The Journal of Physiological Sciences

, Volume 68, Issue 6, pp 759–767 | Cite as

Testosterone-mediated upregulation of delayed rectifier potassium channel in cardiomyocytes causes abbreviation of QT intervals in rats

  • Kimiko Masuda
  • Hiroki Takanari
  • Masaki Morishima
  • FangFang Ma
  • Yan Wang
  • Naohiko Takahashi
  • Katsushige OnoEmail author
Original Paper


Men have shorter rate-corrected QT intervals (QTc) than women, especially at the period of adolescence or later. The aim of this study was to elucidate the long-term effects of testosterone on cardiac excitability parameters including electrocardiogram (ECG) and potassium channel current. Testosterone shortened QT intervals in ECG in castrated male rats, not immediately after, but on day 2 or later. Expression of Kv7.1 (KCNQ1) mRNA was significantly upregulated by testosterone in cardiomyocytes of male and female rats. Short-term application of testosterone was without effect on delayed rectifier potassium channel current (IKs), whereas IKs was significantly increased in cardiomyocytes treated with dihydrotestosterone for 24 h, which was mimicked by isoproterenol (24 h). Gene-selective inhibitors of a transcription factor SP1, mithramycin, abolished the effects of testosterone on Kv7.1. Testosterone increases Kv7.1-IKs possibly through a pathway related to a transcription factor SP1, suggesting a genomic effect of testosterone as an active factor for cardiac excitability.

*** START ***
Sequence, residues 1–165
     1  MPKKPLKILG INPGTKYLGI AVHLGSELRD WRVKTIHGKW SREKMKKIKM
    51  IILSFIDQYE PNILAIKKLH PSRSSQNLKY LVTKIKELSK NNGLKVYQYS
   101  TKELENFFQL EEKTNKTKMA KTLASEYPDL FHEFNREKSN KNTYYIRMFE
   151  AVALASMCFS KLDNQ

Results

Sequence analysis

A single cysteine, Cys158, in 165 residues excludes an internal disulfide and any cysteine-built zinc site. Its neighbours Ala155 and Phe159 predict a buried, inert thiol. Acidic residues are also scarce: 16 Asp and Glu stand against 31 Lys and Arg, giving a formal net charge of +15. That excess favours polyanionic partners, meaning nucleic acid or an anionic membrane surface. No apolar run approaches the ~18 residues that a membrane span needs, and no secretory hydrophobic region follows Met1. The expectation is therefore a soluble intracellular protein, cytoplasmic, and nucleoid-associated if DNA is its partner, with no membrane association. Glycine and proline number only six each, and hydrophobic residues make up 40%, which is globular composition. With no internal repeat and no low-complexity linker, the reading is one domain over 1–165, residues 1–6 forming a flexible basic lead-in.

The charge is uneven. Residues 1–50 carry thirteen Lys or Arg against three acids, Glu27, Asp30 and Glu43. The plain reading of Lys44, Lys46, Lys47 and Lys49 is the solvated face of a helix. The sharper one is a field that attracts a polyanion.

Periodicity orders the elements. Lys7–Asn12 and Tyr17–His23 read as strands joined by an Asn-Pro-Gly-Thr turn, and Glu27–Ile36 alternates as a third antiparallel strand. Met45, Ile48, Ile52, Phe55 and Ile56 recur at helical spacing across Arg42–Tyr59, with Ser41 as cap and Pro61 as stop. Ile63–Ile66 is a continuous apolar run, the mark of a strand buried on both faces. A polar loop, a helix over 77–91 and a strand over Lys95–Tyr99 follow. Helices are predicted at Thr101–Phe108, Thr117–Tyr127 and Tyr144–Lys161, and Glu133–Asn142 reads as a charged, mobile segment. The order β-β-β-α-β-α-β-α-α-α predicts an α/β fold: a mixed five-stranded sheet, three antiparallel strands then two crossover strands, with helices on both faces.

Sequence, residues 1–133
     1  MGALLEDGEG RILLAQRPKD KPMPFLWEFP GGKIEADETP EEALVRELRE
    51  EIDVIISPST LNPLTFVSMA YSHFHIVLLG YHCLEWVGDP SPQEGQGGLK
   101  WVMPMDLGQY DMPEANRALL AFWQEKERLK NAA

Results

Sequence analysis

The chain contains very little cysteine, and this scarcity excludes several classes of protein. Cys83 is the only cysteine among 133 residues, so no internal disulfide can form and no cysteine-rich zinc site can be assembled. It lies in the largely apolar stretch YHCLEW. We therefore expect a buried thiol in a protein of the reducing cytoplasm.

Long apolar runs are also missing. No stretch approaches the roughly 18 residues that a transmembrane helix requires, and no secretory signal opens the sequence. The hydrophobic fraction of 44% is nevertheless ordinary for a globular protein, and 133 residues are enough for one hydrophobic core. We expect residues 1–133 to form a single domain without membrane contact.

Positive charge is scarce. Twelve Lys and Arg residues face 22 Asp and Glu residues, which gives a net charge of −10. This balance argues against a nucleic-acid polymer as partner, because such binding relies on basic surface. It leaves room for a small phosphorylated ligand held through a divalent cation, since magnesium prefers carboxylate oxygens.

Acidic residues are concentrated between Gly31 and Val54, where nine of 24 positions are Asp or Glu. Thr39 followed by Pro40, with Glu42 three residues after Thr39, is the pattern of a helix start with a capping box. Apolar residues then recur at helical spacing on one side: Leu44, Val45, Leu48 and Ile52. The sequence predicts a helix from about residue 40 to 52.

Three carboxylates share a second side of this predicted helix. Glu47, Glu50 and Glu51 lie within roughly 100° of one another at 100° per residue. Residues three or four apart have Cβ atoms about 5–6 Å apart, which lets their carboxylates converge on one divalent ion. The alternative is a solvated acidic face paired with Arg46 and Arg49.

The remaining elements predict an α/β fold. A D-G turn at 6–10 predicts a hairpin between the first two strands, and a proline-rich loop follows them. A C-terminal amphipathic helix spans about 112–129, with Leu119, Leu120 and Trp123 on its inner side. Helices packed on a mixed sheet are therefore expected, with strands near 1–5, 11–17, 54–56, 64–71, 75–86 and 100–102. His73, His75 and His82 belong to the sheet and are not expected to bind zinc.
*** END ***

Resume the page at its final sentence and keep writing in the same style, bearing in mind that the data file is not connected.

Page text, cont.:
Testosterone Electrocardiogram QT interval Potassium channel Kv7.1 





Torsades de pointes


Corrected QT intervals


Correlated JT interval


Voltage-gated potassium channel


Inwardly rectifying potassium channel


Potassium voltage-gated channel subfamily Q member 1


Anomalous inwardly rectifying potassium current


Transient outward potassium currents


Rapidly activating delayed rectifier potassium currents


Slowly activating delayed rectifier potassium current




cAMP response element binding protein


Specificity protein 1


Sources of funding

This work was supported in part by JSPS KAKENHI number 25460292 (K.O.) from the Japan Society for the Promotion of Science, Tokyo.

Compliance with ethical standards

Conflict of interest

All authors have declared that no conflict of interest exists.

Supplementary material

12576_2017_590_MOESM1_ESM.docx (2.1 mb)
Supplementary material 1 (DOCX 2133 kb)


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Copyright information

© The Physiological Society of Japan and Springer Japan KK, part of Springer Nature 2018

Authors and Affiliations

  1. 1.Department of Cardiology and Clinical ExaminationOita University School of MedicineYufuJapan
  2. 2.Department of PathophysiologyOita University School of MedicineYufuJapan

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